In a note to clients, Goldman Sachs provided its investment outlook for the rest of the year, reiterating high valuations and tepid gains ahead.» Read More
Another harrowing week on Wall Street has drawn to a close. Find out how the traders are playing it. Also check out our interview with celebrated strategist Ed Yardeni.
Cramer makes room in the Sell Block today for a whole gang of misfits, based on analysis that Goldman Sachs released on Tuesday. Today's Sell Block detainees: life insurance companies like Lincoln, Hartford, Prudential and Principal. To put it simply, they're in "big trouble," according to Goldman's piece.
Too bad that's exactly what most CEOs did, and now they're paying for it.
The nation's unemployment rate is at a 14-year high, General Motors reported a massive third-quarter loss and says it may run out of cash next year, and Ford is planning more job cuts after burning through billions of its own.
The S&P 500 had its fourth worst 2-day loss in history today, losing over 100 points since Election Day.
Cramer makes the call on viewers' favorite stocks.
We’re doing something a little different here. Following are the month’s biggest losers. Find out which stocks were really roughed up during October!
It's not a good time for the options market, options analyst Rebecca Darst told CNBC Friday.
U.S. stocks had another wild swing in the final 15 minutes of trading that pumped up the Dow from a gain of about 50 points to nearly 200 points as traders largely shrugged off this morning's GDP report that showed the economy is shrinking.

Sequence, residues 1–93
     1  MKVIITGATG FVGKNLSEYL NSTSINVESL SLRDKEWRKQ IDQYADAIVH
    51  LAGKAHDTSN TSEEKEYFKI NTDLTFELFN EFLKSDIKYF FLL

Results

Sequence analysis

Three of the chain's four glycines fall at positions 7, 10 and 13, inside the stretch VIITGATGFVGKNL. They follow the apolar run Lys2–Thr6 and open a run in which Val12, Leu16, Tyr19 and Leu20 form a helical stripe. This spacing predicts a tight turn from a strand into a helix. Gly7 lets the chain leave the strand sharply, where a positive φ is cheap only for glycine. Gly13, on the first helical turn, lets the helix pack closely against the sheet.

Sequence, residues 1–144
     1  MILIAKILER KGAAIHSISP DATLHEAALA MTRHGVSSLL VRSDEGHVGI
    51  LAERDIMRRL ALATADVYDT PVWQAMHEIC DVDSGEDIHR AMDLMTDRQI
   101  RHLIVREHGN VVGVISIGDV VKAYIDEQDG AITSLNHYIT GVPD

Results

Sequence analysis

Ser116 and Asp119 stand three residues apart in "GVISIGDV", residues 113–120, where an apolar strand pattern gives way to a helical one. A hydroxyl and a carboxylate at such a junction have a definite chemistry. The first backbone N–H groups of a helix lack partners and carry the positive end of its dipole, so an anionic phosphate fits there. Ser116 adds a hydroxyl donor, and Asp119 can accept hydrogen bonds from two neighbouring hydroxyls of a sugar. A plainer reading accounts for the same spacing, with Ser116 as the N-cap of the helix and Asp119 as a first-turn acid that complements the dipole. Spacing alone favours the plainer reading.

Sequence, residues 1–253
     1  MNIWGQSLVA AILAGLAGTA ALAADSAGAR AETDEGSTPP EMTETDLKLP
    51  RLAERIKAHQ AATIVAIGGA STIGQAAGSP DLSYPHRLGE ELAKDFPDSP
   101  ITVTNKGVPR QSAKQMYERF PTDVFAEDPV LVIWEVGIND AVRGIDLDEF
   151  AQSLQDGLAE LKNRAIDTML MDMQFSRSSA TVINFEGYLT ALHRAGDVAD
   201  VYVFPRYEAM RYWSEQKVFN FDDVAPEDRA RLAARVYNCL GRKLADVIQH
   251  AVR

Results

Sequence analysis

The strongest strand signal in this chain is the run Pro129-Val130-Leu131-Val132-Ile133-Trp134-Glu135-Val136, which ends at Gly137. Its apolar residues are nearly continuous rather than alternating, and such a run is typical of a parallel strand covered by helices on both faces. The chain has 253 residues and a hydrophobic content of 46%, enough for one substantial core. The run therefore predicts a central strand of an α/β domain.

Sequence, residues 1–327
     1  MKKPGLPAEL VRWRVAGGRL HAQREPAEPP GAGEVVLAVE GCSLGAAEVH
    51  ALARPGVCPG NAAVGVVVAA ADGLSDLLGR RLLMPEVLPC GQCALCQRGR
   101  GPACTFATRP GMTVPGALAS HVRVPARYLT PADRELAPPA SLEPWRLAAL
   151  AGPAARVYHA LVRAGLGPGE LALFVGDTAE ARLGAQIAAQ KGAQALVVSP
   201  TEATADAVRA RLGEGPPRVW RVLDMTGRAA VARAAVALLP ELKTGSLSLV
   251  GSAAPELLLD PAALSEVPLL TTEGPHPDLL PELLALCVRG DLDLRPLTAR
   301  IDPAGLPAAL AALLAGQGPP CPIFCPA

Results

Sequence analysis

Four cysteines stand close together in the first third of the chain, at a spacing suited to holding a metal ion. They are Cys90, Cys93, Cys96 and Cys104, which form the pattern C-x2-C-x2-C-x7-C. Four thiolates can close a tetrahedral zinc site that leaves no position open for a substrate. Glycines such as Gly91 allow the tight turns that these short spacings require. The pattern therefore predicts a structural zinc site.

The Dow has traded in a “tight” 290-point range today. Sound familiar? Well, that’s what happened yesterday, too… until the last hour of trading when the markets’ volatility reappeared, especially in the last few minutes of the trading day.
Despite the stock market sell-off find out why Karen Finerman and PIMCO's Mohamed El-Erian say they're more optimistic now than they've been in a while.
Hartford Financial Services said Monday it is getting a $2.5 billion capital infusion from Allianz.
As European authorities renegotiated two bailouts this weekend, Europe is opening notably weaker today as most bourses are down about 4 percent; the UK and France hit a four-year low, France a two-year low.
Turns out Wachovia's CEO was more hero than villian. It's just that Cramer didn't know until the Wells Fargo deal was announced.
Following are the day’s biggest winners and losers. Find out why shares of Barclays and The Hartfold popped while Apple and Penn National Gaming dropped.
Wall Street capped its worst week in seven years with a late day selloff as traders briefly celebrated the House's approval of the Wall Street bailout, then yanked their positions ahead of the weekend.
For the week ending Friday, October 3, 2008, the major U.S. Indices declined steeply on continued uncertainties over the financial bailout / rescue plan, concerns in the credit markets and more economic deterioration.
Stocks hovered around the flat line Friday afternoon after the House approved the revised $700 bailout bill for Wall Street. Apple shares recovered as did shares of Hartford and other insurers.
Following are the day’s biggest winners and losers. Find out why shares of Intel and JPMorgan popped while The Hartford and Crocs dropped.
Investors are snapping up mortgage-backed securities, corporate bonds and Treasuries , which are offering better yields than stocks.